Thoughts Out of Season, Part II

By Friedrich Nietzsche

Page 98

failure of Nature's handiwork and a testimony to
her larger ideas. "She has succeeded badly," he should say; "but I
will do honour to her great idea by being a means to its better
success."

With these thoughts he will enter the circle of culture, which is the
child of every man's self-knowledge and dissatisfaction. He will
approach and say aloud: "I see something above me, higher and more
human than I: let all help me to reach it, as I will help all who
know and suffer as I do, that the man may arise at last who feels his
knowledge and love, vision and power, to be complete and boundless,
who in his universality is one with nature, the critic and judge of
existence." It is difficult to give any one this courageous
self-consciousness, because it is impossible to teach love; from love
alone the soul gains, not only the clear vision that leads to
self-contempt, but also the desire to look to a higher self which is
yet hidden, and strive upward to it with all its strength. And so he
who rests his hope on a future great man, receives his first
"initiation into culture." The sign of this is shame or vexation at
one's self, a hatred of one's own narrowness, a sympathy with the
genius that ever raises its head again from our misty wastes, a
feeling for all that is struggling into life, the conviction that
Nature must be helped in her hour of need to press forward to the
man, however ill she seem to prosper, whatever success may attend her
marvellous forms and projects: so that the men with whom we live are
like the débris of some precious sculptures, which cry out--"Come and
help us! Put us together, for we long to become complete."

I called this inward condition the "first initiation into culture." I
have now to describe the effects of the "second initiation," a task
of greater difficulty. It is the passage from the inner life to the
criticism of the outer life. The eye must be turned to find in the
great world of movement the desire for culture that is known from the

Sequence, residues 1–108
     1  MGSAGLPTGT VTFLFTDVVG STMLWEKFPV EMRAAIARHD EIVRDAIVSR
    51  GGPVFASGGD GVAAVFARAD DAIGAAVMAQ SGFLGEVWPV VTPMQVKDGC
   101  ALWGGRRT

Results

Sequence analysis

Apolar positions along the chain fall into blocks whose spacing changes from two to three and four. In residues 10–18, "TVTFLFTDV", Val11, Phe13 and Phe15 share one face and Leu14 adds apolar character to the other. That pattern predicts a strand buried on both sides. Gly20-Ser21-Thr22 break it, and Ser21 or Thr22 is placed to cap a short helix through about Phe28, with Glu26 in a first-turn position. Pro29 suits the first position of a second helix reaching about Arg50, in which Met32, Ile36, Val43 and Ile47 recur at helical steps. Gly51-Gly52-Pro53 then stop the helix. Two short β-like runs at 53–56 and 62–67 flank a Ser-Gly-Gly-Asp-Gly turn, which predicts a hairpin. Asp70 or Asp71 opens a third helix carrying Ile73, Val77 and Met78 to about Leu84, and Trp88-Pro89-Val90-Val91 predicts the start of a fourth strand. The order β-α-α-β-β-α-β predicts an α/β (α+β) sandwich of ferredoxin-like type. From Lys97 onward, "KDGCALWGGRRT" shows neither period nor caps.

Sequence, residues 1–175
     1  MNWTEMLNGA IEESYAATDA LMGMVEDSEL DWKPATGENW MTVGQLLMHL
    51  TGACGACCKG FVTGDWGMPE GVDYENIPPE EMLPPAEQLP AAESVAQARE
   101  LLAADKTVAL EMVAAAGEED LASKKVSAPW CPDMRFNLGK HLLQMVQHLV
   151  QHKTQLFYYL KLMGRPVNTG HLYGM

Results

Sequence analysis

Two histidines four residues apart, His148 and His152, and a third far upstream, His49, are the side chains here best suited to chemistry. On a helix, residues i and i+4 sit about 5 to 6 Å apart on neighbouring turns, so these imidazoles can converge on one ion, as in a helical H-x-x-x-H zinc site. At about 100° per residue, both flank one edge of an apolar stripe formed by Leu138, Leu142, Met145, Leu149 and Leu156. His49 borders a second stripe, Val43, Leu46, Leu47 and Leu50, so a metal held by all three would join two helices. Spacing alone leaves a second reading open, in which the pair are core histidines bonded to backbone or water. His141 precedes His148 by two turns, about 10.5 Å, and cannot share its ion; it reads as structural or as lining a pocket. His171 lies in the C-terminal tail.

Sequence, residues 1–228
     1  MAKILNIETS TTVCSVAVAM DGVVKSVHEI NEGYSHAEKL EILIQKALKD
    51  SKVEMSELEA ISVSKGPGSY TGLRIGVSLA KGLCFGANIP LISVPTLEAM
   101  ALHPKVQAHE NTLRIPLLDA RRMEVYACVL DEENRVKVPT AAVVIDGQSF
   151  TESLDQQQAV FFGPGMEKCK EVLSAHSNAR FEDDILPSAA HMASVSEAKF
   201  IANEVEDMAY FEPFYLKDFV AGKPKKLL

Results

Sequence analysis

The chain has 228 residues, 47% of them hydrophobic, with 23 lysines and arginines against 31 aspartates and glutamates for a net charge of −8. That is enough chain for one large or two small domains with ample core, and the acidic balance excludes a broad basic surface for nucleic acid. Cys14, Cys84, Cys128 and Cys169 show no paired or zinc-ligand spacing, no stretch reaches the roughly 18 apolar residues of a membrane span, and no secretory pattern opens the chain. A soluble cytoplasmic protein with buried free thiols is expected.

immediate experience of the individual; who must use his own
strivings and aspirations as the alphabet to interpret those of
humanity. He cannot rest here either, but must go higher. Culture
demands from him not only that inner experience, not only the
criticism of the outer world surrounding him, but action too to crown
them all, the fight for culture against the influences and
conventions and institutions where he cannot

Last Page Next Page

Text Comparison with Early Greek Philosophy & Other Essays Collected Works, Volume Two

Page 4
_ In modern times it is not the art-needing man but the slave who determines the general conceptions, the slave who according to his nature must give deceptive names to all conditions in order to be able to live.
Page 9
For this Helena the State waged those wars--and what grey-bearded judge could here condemn?-- Under this mysterious connection, which we here divine between State and art, political greed and artistic creation, battlefield and work of art, we understand by the State, as already remarked, only the cramp-iron, which compels the Social process; whereas without the State, in the natural _bellum omnium contra omnes_ Society cannot strike root at all on a larger scale and beyond the reach of the family.
Page 18
us--as I am forced to insert here in opposition to Schopenhauer--after a most rigid self-examination, not according to its essence but merely as conception; and we may well be permitted to say, that even Schopenhauer's "Will" is nothing else but the most general phenomenal form of a Something otherwise absolutely indecipherable.